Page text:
Mitt Romney's recent commencement speech to Liberty University students was standard fare, except that the conversation could have occurred in 1950, says Washington Post columnist Colbert I. King. Romney's words do not resonate with the struggles of today's graduates and, by extension, today's voters.

It was the kind of speech that could have been delivered — sans the pandering and the references to more-contemporary figures (the late Chuck Colson; the late Rev. Jerry Falwell, who founded Liberty University; and the late Rev. Martin Luther King Jr.) — to college graduating classes in the 1950s or even in 1900.

The Liberty remarks, as seems to be true of many Romney speeches, reflected a rather constricted view of the country. Perhaps it's because Romney chooses to deliver most of his lines to narrow audiences.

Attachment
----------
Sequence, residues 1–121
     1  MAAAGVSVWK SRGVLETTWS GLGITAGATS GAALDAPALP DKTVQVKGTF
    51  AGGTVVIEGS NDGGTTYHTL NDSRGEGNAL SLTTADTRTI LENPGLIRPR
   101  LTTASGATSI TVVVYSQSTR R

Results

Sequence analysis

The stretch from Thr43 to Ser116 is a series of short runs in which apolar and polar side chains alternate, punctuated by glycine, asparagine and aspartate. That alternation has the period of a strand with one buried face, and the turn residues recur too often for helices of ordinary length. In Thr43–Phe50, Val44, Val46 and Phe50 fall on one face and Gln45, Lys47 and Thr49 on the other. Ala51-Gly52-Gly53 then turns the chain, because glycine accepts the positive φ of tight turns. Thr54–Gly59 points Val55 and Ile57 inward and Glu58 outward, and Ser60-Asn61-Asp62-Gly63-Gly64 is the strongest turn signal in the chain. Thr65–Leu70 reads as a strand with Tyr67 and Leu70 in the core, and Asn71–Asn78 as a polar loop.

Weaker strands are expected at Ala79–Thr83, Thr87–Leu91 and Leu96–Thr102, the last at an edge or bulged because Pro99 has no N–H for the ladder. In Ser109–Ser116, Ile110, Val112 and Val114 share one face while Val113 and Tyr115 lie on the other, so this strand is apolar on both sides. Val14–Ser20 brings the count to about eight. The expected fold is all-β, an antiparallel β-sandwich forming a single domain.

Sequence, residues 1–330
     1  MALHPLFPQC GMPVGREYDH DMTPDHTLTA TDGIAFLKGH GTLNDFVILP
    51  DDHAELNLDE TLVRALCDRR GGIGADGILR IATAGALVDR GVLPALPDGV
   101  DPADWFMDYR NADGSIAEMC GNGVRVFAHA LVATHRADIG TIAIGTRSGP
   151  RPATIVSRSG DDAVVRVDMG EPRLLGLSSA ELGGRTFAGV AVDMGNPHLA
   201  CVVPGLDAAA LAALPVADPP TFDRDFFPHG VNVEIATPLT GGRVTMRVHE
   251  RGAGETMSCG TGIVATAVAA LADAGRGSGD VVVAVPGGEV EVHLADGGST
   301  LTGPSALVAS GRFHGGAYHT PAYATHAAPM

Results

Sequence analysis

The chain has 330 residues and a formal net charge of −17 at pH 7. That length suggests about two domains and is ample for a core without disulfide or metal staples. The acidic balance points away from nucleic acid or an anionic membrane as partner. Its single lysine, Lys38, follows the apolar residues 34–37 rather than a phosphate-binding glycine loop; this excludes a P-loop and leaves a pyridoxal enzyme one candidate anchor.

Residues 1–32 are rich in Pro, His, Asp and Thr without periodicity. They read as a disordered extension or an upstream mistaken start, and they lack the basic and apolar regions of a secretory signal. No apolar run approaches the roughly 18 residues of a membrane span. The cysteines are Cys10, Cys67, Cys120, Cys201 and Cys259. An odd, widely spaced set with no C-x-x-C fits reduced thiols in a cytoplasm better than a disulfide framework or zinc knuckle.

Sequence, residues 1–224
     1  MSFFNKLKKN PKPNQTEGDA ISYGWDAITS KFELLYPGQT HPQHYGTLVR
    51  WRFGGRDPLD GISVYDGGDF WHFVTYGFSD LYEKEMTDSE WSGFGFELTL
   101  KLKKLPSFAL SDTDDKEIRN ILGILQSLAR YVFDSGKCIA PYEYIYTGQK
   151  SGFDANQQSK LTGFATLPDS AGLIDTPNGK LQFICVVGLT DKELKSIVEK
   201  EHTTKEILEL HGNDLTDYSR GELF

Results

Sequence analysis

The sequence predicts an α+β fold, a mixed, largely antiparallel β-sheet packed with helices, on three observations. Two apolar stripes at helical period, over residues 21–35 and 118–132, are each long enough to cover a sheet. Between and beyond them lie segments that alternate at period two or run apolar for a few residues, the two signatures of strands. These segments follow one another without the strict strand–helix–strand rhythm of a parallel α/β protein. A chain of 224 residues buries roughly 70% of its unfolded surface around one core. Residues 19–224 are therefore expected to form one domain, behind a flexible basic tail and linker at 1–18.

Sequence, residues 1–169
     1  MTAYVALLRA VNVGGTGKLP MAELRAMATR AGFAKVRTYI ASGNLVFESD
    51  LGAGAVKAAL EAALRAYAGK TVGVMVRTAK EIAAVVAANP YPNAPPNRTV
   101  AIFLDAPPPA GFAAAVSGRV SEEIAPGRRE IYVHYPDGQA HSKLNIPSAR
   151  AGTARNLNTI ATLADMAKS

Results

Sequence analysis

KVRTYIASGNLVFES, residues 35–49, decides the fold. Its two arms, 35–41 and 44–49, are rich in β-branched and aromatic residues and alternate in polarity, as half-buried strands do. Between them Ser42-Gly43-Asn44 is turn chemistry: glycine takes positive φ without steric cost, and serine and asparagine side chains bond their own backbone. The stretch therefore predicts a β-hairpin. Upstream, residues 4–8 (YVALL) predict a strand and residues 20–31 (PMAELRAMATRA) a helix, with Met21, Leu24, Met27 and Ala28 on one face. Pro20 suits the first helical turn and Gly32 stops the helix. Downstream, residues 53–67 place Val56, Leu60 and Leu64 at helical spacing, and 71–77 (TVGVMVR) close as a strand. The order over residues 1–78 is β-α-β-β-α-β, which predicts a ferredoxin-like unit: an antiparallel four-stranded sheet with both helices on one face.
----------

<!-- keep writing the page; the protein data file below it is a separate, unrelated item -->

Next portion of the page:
Missing in his Liberty offering, as with some other Romney speeches, is any recognition — not praises, mind you, but simple acknowledgment — that 21st-century America is more than a white, middle-class country. He revealed no sense whatsoever of knowing that the overwhelming majority of Liberty grads will, in their adult lives, inhabit an America in which they will be the minority.

Read Colbert I. King's entire op-ed at the Washington Post.

The Root aims to foster and advance conversations about issues relevant to the black Diaspora by presenting a variety of opinions from all perspectives, whether or not those opinions are shared by our editorial staff.